In some embodiments, loop filter 210 can be a PID (proportional-integral-differential) filter, as illustrated in FIG. 6B. In this case, the PID filter attempts to correct the error between a bias error signal j(k) and a desired setpoint. The PID filter includes three separate parameters: the proportional, the integral, and the derivative values. The proportional value determines the reaction to the bias error signal j(k). To determine the proportional value, the bias error signal j(k) is mixed with a gain proportion KP by a mixer 610. Mixer 610 outputs to an adder 624 the proportional value used to determine the reaction. The following equation can be used to calculate the proportional value:
P out =K p j(k);
where Pout is the proportional value and KP is the proportional gain.

The integral value of the PID filter determines the reaction based on the sum of recent bias error signals. To determine the integral value, the bias error signal j(k) is mixed with a gain integral, Kl, at a mixer 612. Mixer 612 outputs the mixed signal to an accumulator. The accumulator includes a control loop enclosing an adder 614 and a delay 616, and provides an integral value signal to adder 624. The following equation can be used to calculate the integral value:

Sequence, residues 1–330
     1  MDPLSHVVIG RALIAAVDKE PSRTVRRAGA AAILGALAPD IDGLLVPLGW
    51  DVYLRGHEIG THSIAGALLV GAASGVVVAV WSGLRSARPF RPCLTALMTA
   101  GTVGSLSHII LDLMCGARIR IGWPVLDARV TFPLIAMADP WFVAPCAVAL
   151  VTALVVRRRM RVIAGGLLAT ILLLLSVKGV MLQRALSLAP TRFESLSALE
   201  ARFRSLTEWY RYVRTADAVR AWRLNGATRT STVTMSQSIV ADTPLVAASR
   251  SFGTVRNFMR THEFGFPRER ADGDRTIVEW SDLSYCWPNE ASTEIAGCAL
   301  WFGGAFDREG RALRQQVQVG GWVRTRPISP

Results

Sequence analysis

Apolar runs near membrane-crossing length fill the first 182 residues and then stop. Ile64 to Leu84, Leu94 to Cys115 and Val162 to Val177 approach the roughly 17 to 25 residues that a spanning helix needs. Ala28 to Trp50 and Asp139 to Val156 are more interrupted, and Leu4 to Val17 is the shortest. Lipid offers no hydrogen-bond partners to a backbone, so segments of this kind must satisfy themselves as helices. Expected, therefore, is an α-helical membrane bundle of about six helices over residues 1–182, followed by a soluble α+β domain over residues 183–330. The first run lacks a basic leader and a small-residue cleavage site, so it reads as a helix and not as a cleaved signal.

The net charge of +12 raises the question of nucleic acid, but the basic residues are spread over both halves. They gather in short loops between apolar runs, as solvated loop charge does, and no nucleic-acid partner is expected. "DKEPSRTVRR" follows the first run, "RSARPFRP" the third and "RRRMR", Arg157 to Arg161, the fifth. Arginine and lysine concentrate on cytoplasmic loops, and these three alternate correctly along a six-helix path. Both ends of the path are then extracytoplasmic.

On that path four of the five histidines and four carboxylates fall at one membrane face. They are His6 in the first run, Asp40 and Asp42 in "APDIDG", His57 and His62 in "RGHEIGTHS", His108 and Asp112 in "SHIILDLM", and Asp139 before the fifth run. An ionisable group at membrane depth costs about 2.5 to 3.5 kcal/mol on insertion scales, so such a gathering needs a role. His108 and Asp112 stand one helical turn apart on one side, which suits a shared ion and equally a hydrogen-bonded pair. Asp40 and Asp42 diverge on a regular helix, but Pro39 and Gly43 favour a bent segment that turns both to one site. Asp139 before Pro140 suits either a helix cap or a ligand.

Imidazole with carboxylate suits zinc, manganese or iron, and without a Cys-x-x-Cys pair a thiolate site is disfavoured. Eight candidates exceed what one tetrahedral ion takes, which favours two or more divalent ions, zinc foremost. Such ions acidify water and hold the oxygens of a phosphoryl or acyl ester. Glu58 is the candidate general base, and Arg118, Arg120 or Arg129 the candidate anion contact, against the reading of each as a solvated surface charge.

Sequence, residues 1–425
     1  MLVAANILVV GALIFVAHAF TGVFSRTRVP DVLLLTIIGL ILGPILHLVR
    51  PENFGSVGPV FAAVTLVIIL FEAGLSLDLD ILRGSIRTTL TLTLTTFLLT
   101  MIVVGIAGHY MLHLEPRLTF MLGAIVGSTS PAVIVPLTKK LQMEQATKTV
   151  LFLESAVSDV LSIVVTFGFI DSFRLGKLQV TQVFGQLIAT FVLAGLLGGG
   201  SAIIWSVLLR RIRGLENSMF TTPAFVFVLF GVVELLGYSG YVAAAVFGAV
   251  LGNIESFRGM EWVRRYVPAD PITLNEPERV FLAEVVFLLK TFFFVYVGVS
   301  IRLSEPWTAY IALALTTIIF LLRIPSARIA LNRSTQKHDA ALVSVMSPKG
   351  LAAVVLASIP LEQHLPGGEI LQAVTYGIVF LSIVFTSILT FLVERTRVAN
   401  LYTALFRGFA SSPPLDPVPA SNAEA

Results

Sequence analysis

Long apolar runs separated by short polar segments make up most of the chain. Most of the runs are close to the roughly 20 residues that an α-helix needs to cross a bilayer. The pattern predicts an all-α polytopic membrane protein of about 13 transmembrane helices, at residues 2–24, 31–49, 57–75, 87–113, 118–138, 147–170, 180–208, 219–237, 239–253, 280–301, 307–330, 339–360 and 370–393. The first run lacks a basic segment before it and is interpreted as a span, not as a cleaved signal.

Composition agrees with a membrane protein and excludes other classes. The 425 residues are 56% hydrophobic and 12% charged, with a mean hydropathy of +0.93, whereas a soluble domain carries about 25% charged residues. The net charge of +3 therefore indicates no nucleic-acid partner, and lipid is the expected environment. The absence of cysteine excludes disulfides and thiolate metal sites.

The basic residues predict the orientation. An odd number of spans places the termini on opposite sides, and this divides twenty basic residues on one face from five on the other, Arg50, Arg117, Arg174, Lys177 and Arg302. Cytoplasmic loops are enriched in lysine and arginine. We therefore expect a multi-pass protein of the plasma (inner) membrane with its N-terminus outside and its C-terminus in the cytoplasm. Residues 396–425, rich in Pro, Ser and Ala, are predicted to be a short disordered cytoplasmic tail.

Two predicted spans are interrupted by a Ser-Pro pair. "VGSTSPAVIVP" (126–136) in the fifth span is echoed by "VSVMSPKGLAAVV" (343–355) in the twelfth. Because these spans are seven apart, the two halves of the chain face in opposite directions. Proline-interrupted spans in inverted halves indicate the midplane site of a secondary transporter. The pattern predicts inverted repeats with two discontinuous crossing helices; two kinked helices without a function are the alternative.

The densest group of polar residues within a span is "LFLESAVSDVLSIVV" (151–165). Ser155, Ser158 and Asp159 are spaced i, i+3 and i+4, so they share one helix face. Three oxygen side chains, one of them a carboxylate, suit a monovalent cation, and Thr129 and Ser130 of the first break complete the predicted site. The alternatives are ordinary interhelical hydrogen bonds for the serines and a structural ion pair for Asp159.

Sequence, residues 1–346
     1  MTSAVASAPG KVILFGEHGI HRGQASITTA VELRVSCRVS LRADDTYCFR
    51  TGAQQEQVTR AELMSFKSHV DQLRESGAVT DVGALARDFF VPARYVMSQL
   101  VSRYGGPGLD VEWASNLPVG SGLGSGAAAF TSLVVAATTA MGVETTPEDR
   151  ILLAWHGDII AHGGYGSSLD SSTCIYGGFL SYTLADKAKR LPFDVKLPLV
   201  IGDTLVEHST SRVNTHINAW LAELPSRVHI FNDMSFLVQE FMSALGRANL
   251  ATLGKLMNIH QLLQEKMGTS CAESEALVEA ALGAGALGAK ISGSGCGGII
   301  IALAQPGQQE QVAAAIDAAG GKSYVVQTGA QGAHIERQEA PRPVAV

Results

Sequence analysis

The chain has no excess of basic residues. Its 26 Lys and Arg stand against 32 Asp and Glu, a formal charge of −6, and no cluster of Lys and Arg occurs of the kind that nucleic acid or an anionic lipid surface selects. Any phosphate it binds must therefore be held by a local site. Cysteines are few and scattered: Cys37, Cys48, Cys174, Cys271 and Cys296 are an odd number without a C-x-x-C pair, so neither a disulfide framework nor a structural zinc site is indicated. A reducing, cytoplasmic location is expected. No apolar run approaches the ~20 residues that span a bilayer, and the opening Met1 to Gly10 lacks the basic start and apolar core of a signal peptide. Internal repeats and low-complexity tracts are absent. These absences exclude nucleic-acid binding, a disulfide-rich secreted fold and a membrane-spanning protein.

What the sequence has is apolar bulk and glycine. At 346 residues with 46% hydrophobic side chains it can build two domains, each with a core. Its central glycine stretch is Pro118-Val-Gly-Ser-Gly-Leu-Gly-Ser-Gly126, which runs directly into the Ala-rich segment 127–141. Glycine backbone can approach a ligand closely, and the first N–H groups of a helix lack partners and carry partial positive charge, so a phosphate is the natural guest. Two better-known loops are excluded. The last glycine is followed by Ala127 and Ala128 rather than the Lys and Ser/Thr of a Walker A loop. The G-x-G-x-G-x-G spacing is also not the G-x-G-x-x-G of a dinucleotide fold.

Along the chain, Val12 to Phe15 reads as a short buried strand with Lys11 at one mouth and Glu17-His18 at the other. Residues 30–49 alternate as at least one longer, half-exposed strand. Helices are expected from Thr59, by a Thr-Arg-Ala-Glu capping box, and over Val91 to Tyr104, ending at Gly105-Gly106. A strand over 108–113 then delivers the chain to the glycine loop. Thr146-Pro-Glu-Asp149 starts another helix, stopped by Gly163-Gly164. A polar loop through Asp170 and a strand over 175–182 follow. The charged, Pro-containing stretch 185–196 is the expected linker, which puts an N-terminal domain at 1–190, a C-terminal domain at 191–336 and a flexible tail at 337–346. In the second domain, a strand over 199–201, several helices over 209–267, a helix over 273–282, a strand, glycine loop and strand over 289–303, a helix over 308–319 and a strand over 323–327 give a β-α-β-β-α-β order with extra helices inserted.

I out = K I 0 k j ( τ ) τ ;
where lout is the integral value and Kl is the integral gain. The integral value, when added to the proportional term, accelerates the movement of the process towards a setpoint.

The derivative value determines the reaction to the rate at which the bias error signal j(k) has been changing. To determine the derivative value, the bias error signal j(k) is mixed with a gain differential, KD, at a mixer 618. Mixer 618 outputs the mixed signal to an accumulator. The accumulator includes a control loop enclosing adder 620 and delay 622, and provides a derivative value signal to adder 624. The following equation can be used to calculate the derivative value:

D out = K D j k ;